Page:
June 19, 2024

Awareness is the Key

As a solo adventure traveler and one over 50, we are often seen as easy targets for thieves, pickpockets, and scam artists. Travel fraud is a real threat. Even the savviest traveler can be scammed. The thieves are crafty and desperate.


There are no geographic boundaries to scammers. Let me make you aware of a few of the scams out there and give you enough awareness to be less of a target.  It’s important to know the scams they are running today. I’ve outlined some common tourist scams and how to avoid them.


Traveler Beware



International driving permit scams

An international driving permit (IDP) translates your government-issued driver’s license into 10 languages. Scammers create websites to sell fake IDPs, or try to sell them to you in person or some other way. If you buy a fake IDP, you’ll be paying for a worthless document. But, even worse, you also could face legal problems or travel delays if you’re detained for using it to drive in a foreign country. Only the U.S. Department of State, the American Automobile Association (AAA), and the American Automobile Touring Alliance (AATA) are authorized to issue IDPs.


Train Stations

The Bump and Grab: This one usually takes place on trains, buses, and metro stations. We get distracted and distracted by the mere number of people in these transportation hubs. A thief or a group of thieves will “accidentally” bump into a tourist. While you are distracted, the scammer is picking your pocket. And you will never feel it!


Traveler Beware




Grab and Dash: When on trains, thieves often stay near the train door timing their next move. Just as the door is set to shut, they swipe purses and other belongings and make a quick getaway while the train leaves the station.

Don’t keep your wallet in your front or back pockets. Using a money belt or a zippered cross-body bag will provide additional security. It is also best practice to not have all your valuables in one place. If you do fall victim to a pickpocket, you will still have the cash to make that journey comfortable.



Taxi Scams

The most common is the cabby will tell you that their meter is broken and then charge you an inflated price. Or they have corrupt meters that run faster than they should and therefore overcharge. Drivers who hang around airports and hotels are known to overcharge. It can happen anywhere.


You can ask the hotel staff what a cab ride should cost. I go on Rome-To-Rio and check. They are not exact, but it gives you a good idea.


Traveler Beware



Before you get in the cab ask the driver the approximate cost for your trip. If it is way off what you have been told, then go to the next one. Many large cities have highly regulated cab services so you shouldn’t have any problems.


After you get into the car ask the driver to turn on the meter. Ask if there are any additional charges like putting your luggage in the car, driving through tolls, etc.  Make sure to only ride in authorized cabs and stay vigilant for red flags that indicate it may be an unlicensed cab trying to dupe tourists.



Don’t ever take the work of a driver that tells you that your hotel is not available. This is their way of rerouting you to a hotel that gives them a fee for bringing them, customers.  This also poses personal safety concerns, as you wind up in a different part of town than you expected. Do not let the driver take you to an alternate location and insist on going to your original destination. We are in an age of electronics where you can track your trip and know if he is off route. Don’t hesitate to call them out if you see they are not going in the direction you expect.

Traveler Beware



Equipment Rentals

Travelers opting to rent a vehicle should be cautious. It is common for shopkeepers to hold your passport as collateral while you are out on your excursion. When you return the motorcycle or jet ski at the end of the day, the owner claims that you caused damage to the equipment and will need to pay for repair charges. Travelers anxious to get their passports back may pay the fee.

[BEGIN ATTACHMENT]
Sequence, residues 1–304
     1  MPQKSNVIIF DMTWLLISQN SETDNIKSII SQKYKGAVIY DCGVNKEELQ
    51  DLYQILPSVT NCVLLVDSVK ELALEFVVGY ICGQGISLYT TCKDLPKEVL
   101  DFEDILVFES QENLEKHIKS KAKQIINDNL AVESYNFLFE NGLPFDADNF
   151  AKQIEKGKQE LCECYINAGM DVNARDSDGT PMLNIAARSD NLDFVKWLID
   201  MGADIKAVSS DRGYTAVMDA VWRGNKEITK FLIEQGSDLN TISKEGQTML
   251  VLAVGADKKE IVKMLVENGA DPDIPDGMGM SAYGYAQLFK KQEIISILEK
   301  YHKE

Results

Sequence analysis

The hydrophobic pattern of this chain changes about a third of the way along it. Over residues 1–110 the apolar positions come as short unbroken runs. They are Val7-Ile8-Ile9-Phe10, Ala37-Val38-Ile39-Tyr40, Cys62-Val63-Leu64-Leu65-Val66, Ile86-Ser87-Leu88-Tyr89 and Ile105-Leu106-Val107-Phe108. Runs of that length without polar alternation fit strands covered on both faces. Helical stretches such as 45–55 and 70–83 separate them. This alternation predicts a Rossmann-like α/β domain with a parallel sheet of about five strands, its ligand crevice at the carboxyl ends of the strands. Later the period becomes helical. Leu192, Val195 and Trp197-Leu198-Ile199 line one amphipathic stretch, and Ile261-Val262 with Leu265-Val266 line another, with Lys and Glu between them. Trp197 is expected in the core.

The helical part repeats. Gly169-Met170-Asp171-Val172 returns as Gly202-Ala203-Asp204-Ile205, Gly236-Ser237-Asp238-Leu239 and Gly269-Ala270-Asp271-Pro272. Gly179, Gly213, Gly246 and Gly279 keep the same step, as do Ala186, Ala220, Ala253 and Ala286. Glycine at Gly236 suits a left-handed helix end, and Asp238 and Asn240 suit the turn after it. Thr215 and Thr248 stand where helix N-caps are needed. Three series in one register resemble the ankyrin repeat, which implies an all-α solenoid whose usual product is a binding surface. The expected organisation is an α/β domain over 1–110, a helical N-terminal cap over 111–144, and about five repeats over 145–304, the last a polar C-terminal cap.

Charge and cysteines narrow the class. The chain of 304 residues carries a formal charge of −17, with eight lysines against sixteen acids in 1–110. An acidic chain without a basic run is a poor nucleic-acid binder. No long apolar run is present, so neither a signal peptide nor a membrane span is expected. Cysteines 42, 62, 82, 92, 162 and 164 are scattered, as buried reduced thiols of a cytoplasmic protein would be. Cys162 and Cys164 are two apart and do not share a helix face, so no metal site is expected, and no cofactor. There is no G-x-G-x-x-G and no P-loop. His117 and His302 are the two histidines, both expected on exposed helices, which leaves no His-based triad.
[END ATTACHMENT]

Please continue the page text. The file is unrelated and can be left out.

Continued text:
Make a thorough inspection of the vehicle before you leave. If possible, let the shop know you’re taking pictures or a video of existing damage, and try to include them in the footage. This will hopefully prevent a your-word-against-their argument later.




Meeting the Locals

We always want to be friendly when we are on vacation but sometimes you could be a target for a scam just when you are being interactive with locals.  Be cautious of anyone who approaches you and overly flatters you and starts being a little too assertive. They are on a mission to either sell you something or pick your pockets.


Friendly Local

Don’t ever go with the friendly local who says they will show you around. Don’t let drinks or dinner with a new friend allow you to let your guard down.  Many times they will join you during the meal and then when it’s time to pay they disappear. And don’t EVER leave your drink out of your site.


There are men who hang out at the bars and pools in vacation spots and befriend older women in hopes of building a relationship for even a more long term scam. The “I need help getting into your country” or “I need money to come and visit you”. You won’t know for a while what is going on but use your common sense and look at the situation.



Spilled Drink

The drink that a stranger may accidentally spill on you is more than likely a way to distract you and take your belongings. It could be your phone sitting on the table or your purse hanging off your chair. They will apologize and insist on helping you with the spill. While they are doing that, they are also swiping your wallet (grabbing the numbers) or snatching your stuff.  Let the person know that you can take care of it yourself and then go to the restroom (with your belongings and drink) and take care of matters.


Police Officer Impersonators

Tourists often don’t know the customs and are willing to comply with thieves in uniform. The phony officers may explain that there has been a problem with counterfeit bills circulating in the area, or try to ticket you for a made-up infraction. The officers will then insist that you hand over your passport and wallet. Don’t!



Ask them for proper Identification and tell them you will go to the local station to handle the matter. Do not get in the car with them to escort you. Remember, nothing is going to happen to you if you don’t comply – they are not real.




Juice Jacking

Technology makes travel easier, but travelers should be careful not to put their information and devices at risk. Make certain you use a power plug directly and not a charging station (airports excluded) that is managed by a non-regulated group – aka thieves.


Juice jacking occurs when a criminal tampers with a USB charging port, or the cable attached to it, so that it installs malware on a device that is plugged into it. This malware may lock the device or send data, passwords, or even a full backup of the phone directly to the scammer.



Be on the safe side and plug directly into an AC power outlet instead of a charging station and take your cables with you. External batteries are also great alternatives and allow the user to roam free rather than be tethered to the power station while their phone charges.